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From Ian Darwin <...@darwinsys.com>
Subject Re: Introduction, and a question
Date Tue, 17 May 2005 21:39:02 GMT
> >True, but if you saved the entire state of the JVM memory on disk (an 
> >JVM 'hibernation'?) then you could just start from where you left, 
> >instruction pointer included.
> 
> Just one _teensy_ snag. Open files and sockets. And all state external 
> to the JVM.

No, that's not the snag. This is not a new idea, as pointed out Emacs and other
stuff has used it for years.  The actual technique is you pre-load the application
but don't start it running (see also the Zombie calls in JikesRVM). Since it hasn't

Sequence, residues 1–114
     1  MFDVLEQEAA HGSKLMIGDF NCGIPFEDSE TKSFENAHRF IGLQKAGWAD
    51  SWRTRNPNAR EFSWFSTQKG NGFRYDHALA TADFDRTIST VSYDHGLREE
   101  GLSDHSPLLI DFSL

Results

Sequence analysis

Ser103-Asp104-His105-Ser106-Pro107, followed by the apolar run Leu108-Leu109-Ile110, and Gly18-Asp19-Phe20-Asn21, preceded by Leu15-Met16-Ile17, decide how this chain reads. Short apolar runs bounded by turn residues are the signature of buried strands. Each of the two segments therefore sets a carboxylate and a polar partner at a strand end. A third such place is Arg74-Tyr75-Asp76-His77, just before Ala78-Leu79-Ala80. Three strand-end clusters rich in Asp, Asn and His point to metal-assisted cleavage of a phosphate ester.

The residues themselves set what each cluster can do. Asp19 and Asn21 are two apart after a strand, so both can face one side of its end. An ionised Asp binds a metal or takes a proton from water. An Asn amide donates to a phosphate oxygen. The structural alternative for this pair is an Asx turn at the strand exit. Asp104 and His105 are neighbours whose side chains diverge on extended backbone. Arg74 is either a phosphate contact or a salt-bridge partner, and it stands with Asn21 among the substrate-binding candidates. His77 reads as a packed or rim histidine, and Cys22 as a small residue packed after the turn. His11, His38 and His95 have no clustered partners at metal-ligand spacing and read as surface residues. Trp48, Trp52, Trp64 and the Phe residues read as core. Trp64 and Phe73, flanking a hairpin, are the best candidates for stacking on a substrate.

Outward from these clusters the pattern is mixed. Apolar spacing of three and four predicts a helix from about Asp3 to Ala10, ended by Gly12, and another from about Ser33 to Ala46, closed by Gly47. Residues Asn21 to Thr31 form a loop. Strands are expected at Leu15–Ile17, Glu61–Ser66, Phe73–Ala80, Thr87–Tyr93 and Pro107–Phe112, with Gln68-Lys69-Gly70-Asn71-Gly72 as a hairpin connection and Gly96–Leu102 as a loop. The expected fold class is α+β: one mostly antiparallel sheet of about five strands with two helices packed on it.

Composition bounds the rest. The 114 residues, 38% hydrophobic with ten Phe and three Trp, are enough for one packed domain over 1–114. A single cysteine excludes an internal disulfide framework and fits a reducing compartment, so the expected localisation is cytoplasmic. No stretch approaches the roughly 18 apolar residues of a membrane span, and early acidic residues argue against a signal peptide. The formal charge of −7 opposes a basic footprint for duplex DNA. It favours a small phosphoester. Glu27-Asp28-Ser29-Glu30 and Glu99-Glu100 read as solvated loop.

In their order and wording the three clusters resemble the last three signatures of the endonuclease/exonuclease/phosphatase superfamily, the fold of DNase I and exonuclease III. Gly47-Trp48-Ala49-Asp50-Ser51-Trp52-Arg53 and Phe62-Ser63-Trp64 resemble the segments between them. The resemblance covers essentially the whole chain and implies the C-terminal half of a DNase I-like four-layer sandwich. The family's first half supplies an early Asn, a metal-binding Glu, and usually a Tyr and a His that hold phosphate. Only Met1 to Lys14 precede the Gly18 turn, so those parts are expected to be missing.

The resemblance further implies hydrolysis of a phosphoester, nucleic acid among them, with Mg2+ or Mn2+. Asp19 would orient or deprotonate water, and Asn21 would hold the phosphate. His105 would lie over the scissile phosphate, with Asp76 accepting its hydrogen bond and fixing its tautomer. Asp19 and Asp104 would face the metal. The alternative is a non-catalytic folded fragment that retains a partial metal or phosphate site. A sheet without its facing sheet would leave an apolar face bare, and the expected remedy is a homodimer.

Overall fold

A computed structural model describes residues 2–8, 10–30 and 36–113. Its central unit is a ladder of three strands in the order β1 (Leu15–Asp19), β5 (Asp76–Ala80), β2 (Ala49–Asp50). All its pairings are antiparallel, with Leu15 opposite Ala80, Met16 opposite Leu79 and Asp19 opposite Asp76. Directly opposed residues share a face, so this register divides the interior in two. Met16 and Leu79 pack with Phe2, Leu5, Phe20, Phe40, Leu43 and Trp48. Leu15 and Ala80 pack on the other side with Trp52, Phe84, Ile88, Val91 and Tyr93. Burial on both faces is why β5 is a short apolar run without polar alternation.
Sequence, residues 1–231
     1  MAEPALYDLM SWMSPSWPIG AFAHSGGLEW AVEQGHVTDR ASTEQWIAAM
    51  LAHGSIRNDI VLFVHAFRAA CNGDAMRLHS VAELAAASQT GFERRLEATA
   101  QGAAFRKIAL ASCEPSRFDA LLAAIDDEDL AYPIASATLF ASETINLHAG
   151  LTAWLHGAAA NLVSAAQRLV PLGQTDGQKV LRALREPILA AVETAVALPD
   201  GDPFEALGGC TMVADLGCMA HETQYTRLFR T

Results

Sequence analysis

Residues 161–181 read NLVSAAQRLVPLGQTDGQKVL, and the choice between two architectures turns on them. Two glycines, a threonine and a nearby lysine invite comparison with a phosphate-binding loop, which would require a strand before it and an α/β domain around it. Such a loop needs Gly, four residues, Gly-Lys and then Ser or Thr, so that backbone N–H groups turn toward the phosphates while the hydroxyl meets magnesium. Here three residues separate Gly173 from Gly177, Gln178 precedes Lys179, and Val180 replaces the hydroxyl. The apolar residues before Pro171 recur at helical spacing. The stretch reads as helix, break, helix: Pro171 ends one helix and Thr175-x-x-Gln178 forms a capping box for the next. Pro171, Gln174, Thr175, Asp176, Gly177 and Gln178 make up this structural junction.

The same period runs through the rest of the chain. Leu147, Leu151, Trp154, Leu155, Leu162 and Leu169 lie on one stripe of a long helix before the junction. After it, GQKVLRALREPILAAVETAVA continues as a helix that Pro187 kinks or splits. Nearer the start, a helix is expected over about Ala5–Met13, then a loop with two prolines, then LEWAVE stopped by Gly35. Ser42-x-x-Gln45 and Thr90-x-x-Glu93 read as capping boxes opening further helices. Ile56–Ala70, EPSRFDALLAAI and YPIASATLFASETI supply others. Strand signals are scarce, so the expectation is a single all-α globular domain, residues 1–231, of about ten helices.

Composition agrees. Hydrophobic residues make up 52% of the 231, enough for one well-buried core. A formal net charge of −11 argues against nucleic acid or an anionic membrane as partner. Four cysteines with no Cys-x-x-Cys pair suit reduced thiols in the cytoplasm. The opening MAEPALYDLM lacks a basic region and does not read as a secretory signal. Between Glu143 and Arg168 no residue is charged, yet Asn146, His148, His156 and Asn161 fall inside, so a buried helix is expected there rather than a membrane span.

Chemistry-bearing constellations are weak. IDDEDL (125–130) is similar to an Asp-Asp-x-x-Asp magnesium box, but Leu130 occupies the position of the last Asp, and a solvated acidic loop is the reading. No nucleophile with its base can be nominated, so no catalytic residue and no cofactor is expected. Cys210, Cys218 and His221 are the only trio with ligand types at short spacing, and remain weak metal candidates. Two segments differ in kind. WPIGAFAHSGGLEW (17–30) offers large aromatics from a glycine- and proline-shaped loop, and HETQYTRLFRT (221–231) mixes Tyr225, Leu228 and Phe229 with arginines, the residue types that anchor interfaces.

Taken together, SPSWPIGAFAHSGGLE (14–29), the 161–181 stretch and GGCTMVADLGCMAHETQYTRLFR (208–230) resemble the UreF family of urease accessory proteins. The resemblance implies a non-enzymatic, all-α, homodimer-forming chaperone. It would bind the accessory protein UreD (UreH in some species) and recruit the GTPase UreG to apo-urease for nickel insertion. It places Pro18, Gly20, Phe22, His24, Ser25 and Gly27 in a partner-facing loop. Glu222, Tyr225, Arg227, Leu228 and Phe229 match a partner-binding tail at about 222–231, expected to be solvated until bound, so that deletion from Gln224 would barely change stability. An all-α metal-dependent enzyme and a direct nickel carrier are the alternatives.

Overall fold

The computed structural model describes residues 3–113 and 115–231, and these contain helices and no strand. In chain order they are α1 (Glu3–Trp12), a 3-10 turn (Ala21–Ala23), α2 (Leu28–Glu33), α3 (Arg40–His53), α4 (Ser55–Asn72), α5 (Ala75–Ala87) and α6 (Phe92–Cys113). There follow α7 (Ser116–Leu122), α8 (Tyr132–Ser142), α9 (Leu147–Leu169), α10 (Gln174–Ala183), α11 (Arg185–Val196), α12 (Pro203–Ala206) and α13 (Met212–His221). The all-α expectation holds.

been started, there is no external state, no open files, etc.

As is now obvious, the snag for doing it in Java is: how do you know what classes
to load and precompile?  There is no right answer, but the simple answer is to inspect
the byte code for all classes that are instantiated. This works for the cases without
dynamic loading, so HelloWorldJDBC.java won't run. Unless you also support dynamic
loading in your VM.


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